Today it is estimated that 1 in 8 women will get breast cancer sometime in their lifetime. It seems everyone knows someone who has gone through it, there is even a whole month dedicated to the awareness of it. There are 4 of us on my street in just the last 5 years (and there are only 8 houses). The fact that “everyone is doing it” doesn’t make it any less awful or scary, but hopefully what it does is make people smarter.
My breast cancer was aggressive, it was treatable, and most importantly, it was caught early. Found it in my annual mammogram. Actually, there were two tumors and you couldn’t feel either of them. They were small, and weren’t there the year prior. I’ve been getting annual mammograms like clock-work since I was 35. Every year, same time, same place. Nobody had to remind me or convince me to do it. Between 35 – 40, I actually had to convince them to do it. They said I wasn’t old enough, my breasts weren’t fully developed. I said “bullsh$t”, you didn’t know me in junior high!
I got the mammograms because I was scared and because I was smart. Twenty years ago this week my mother began her breast cancer battle. I remember the day of her surgery, April 11, 1994, like it was yesterday. Like me, she had a lumpectomy. But 20 years ago, it was not day surgery, have a corn muffin and some ginger ale, and head home to your ducky blanket.
I was 25, living in the Boston area, and the surgery fell in the week I had off between jobs. So, off I went to CT to sit with my Dad during the surgery. It was a long day. (Foreshadowing of what a good mother she’d later become, thankfully my sister Amy packed up a huge basket of magazines, snacks, and other essentials I would never have thought of, and sent it off with me for the day.) I had no idea what to expect, it was scary, I didn’t like seeing my Mom in the hospital, but I knew it was helping my Dad by being there. We waited in the family waiting area all day, it was forever before we heard anything. It was torture. Little did I know it was not the last long day I would spend waiting for someone I loved to come out of a major surgery, but I guess it was good experience, I am now a professional.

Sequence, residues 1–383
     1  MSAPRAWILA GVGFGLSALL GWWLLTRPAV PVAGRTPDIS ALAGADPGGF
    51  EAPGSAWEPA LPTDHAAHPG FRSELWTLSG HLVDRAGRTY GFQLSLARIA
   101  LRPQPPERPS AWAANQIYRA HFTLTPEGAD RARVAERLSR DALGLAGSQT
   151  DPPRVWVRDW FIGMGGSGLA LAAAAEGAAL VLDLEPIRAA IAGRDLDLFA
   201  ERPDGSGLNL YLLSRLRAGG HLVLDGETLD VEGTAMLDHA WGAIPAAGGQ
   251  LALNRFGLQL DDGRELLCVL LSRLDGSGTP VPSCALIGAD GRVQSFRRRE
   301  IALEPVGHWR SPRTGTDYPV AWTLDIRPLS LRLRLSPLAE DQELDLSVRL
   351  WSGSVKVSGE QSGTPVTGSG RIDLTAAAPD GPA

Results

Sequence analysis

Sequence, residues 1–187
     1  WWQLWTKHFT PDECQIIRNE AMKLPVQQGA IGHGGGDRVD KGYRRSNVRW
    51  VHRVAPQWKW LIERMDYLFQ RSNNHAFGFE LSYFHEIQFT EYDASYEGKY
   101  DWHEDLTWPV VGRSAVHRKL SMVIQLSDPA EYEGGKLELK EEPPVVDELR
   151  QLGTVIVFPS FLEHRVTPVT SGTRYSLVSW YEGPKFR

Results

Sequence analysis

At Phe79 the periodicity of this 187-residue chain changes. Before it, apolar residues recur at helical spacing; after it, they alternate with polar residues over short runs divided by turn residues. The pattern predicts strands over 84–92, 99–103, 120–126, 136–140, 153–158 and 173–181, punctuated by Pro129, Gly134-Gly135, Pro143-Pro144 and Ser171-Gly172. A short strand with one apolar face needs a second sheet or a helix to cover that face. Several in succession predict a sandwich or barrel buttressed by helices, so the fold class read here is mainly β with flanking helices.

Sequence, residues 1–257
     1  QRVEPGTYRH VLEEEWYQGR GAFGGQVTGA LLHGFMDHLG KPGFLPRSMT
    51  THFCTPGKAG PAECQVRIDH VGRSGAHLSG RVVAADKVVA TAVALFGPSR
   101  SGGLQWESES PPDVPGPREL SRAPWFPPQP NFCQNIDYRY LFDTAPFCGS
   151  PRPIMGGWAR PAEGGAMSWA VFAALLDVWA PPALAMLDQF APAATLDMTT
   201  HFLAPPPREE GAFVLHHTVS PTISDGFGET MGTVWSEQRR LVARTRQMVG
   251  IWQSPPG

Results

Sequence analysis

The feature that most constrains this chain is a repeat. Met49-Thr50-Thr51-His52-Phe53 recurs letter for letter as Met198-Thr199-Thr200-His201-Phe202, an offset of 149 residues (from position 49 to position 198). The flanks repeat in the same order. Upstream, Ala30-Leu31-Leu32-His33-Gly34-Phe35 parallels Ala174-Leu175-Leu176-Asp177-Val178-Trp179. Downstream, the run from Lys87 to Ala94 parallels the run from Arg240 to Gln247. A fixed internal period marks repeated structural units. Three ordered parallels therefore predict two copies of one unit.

For someone who hated doctors, hospitals, and all things medical, Mom did great and got to come home the next day. The tumor she had found, then chose to ignore for a while, was breast cancer and it had gone into her lymph nodes. It was 20 years ago, there were no pink ribbons, there was no friend who had gone through the same thing, there was no Google! It was a big scary unknown.
Luckily, my Mom is smart and she is tough. She asked all the right questions, got all the right doctors, and she did what they recommended. Back then nobody could tell you exactly what to expect every step along the way or give you drugs to make you feel better, nobody really even talked about it. And you couldn’t parade around with your bald head, you had to wear the stupid wig! With my Dad as her Chemo Buddy, she did the chemo-therapy and then radiation. She too kicked breast cancer’s ass!
She doesn’t have a phone filled with selfies documenting that time in her life, but I found this picture which was taken about a year after she finished her chemo – same curls as me right now and yes, that is a Miller Lite in her hand!
So, there we have it, 20 years! Wow. Not sure if “congratulations” is the right word, but I know “thank you Mom” sure is. Thank you for being strong, for fighting, for showing me the way, and for making me smart. xoxo
Inspiring words Deb. Thank you and miss you
Sue O'Connell said:
love this one….xoxo
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